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Seeking first PGA Tour win, Greg Chalmers leads early at Congressional
Question of the Day
Enthused may be a better term; encouraged would certainly be true.
Such a position is where the 40-year-old Chalmers found himself Thursday afternoon, when his 5-under-par 66 was fine enough to leave him atop the leaderboard after the opening round of the Quicken Loans National at Congressional Country Club.
In the last threesome off the 10th tee Thursday morning, Chalmers‘ score surpassed that of Ricky Barnes, who held the lead for much of the morning at 4-under, and weathered a late challenge from Freddie Jacobson, who birdied four of his final seven holes to match Barnes.
Chalmers‘ 66 is a modest score, but it’s also unique: Only 26 of the other 119 players managed to break 71, many of them puzzled by the second-longest course on tour and one that played significantly more difficult in the afternoon once the moisture of the Wednesday-night showers dried up.
To reach it, Chalmers needed only 25 putts, the fewest of any player, after driving 10 of 14 fairways. His only bogey was on the par-3 second, his 11th hole of the day, in which his tee shot dropped into a bunker and, after his rescue, his par putt went a foot too far.
“I didn’t think it was easy at all,” Chalmers said. “I played really well, and I think if anybody plays really well, they can shoot a low score. You just have to be coming out of the fairway — and I did that a majority of the time today.”
Chalmers, an Australian who turned pro after winning the 1994 French Amateur and was the Australasian Tour Rookie of the Year a year later, is among the highest-earning tour players to have never won one of its events.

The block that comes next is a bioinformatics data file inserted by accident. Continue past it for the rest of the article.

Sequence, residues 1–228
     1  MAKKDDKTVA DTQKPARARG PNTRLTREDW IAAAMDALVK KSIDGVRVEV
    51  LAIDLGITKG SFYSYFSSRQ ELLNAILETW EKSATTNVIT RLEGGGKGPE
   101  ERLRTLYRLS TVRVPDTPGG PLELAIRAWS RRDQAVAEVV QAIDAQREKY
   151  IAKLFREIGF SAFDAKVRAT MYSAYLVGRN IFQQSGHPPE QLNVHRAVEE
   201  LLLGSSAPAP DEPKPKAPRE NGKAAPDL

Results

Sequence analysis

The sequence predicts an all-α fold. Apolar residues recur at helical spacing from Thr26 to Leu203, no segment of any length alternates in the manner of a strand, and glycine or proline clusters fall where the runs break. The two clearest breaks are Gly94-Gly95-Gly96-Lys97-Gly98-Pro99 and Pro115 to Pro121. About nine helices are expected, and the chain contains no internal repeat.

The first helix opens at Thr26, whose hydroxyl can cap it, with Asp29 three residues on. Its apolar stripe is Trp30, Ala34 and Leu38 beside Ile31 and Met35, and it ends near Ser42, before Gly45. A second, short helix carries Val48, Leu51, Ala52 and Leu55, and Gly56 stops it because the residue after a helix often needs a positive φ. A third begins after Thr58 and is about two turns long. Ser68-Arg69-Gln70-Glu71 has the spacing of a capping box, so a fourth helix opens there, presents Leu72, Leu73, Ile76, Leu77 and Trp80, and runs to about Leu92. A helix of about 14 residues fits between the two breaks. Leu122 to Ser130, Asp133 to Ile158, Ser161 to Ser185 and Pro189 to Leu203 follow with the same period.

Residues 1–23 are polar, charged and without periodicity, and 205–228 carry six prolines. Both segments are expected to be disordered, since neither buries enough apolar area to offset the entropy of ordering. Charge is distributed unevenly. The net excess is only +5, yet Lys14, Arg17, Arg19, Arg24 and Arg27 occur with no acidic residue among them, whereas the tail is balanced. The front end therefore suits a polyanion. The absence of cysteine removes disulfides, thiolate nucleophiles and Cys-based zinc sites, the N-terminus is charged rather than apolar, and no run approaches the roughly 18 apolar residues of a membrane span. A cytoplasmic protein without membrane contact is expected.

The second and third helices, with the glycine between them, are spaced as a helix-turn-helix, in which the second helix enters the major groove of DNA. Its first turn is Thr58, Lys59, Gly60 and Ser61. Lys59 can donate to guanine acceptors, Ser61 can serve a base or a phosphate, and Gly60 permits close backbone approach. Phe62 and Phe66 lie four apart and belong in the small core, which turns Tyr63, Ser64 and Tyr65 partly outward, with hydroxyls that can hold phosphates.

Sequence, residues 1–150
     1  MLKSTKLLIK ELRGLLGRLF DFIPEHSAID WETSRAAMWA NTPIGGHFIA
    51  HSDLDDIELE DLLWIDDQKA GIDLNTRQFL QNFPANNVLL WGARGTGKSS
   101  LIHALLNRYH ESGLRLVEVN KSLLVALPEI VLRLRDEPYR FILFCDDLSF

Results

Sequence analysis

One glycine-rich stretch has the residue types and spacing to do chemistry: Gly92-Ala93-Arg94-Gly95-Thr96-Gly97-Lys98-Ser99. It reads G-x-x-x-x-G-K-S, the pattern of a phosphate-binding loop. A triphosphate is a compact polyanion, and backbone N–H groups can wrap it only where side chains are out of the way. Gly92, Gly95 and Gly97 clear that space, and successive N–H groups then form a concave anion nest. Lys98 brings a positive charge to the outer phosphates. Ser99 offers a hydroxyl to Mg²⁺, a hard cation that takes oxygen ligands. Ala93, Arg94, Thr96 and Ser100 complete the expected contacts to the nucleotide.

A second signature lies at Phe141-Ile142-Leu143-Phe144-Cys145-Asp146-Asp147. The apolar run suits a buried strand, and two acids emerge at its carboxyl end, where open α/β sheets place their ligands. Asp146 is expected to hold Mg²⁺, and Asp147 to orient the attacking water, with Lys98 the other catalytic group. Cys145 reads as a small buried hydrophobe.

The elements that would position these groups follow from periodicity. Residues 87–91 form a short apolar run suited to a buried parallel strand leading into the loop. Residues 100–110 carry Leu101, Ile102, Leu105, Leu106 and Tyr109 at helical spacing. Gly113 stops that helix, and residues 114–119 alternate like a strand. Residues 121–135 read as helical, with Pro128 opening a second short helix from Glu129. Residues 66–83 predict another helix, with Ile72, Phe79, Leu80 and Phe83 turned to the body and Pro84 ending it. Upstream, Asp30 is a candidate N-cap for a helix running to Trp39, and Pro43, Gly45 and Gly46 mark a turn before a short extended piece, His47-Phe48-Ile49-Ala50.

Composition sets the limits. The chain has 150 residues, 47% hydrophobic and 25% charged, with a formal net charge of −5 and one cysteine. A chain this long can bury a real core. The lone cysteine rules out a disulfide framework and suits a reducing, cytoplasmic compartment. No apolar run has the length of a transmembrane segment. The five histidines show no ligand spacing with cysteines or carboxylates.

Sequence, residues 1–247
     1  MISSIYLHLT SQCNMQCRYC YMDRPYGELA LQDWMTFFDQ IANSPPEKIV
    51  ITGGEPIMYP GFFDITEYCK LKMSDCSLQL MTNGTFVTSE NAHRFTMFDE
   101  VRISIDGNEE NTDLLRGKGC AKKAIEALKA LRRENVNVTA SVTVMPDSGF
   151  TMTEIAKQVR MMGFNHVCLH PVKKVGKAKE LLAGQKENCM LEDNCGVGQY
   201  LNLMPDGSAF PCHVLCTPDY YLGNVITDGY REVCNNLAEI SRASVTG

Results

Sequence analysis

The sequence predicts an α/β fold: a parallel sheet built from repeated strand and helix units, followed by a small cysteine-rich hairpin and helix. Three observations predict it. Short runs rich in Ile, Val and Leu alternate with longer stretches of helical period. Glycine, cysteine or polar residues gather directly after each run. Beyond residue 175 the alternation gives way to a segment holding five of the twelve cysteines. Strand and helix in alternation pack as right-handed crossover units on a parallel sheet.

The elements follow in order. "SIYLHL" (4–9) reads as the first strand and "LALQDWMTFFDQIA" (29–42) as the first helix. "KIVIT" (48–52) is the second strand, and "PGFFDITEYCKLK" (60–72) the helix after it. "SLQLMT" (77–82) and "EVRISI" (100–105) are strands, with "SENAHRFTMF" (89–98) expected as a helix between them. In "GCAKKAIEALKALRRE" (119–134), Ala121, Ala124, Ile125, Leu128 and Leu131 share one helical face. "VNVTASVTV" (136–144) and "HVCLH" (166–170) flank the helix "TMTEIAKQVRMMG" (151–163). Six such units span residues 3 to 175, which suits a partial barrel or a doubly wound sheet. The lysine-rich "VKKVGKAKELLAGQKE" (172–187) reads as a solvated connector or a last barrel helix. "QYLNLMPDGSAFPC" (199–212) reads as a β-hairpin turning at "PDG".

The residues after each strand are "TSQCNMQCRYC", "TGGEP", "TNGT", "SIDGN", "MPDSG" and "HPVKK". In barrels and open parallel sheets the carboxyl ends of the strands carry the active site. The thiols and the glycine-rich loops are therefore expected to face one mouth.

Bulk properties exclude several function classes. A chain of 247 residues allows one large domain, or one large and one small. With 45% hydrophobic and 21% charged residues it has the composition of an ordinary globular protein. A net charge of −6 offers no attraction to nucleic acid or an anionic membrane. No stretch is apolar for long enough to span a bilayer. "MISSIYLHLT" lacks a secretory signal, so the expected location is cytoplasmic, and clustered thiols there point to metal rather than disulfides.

On the whole, success has been fleeting for Chalmers, who last was a runner-up in 2009 and did not have his tour card in 2007 and 2008. His best finish this season was a tie for 10th in The McGladrey Classic last November, and he entered this week’s event in 126th place in the FedEx Cup standings.
“It’s not probably too early to get ahead — it is too early to get ahead,” Chalmers said. “There’s a long way to go. I had a really nice day today, and I’m proud of that, and that’s great. How that transpires into the rest of the week is what matters.”
Barnes birdied three consecutive holes, including the par-3 seventh, where he dropped his tee shot mere inches from the pin, to take the early lead.
Only a bogey on the par-5 16th — where Barnes sent his second shot into a fairway bunker, saved it with an approach that landed just shy of the green, and then settled for a two-putt — spoiled an otherwise clean round.
“I don’t look back on last year, but I like where I’m going lately,” said Barnes, who won the U.S. Amateur in 2002 and finished second at the U.S. Open in 2009 but was in danger of losing his spot on tour at the end of last season. “The game has been trending in the right direction. [I’ve] been working hard. My caddie and I have been grinding, my short game is coming around, and that’s kind of where I’m seeing a lot of the results.”
Patrick Reed, currently seventh on the PGA Tour money list, flirted with the lead during the morning session but ended his round with consecutive bogeys to finish at 3-under. Erik Compton, who tied for second at the U.S. Open two weeks ago, finished with four consecutive birdies to match him.
In the afternoon, it was Jacobson, who finished second at the event in 2008 when it was known as the AT&T National, who made his run. His highlight of the afternoon was a chip from 14 yards out on the fairway the par-4 fourth that bounced in.
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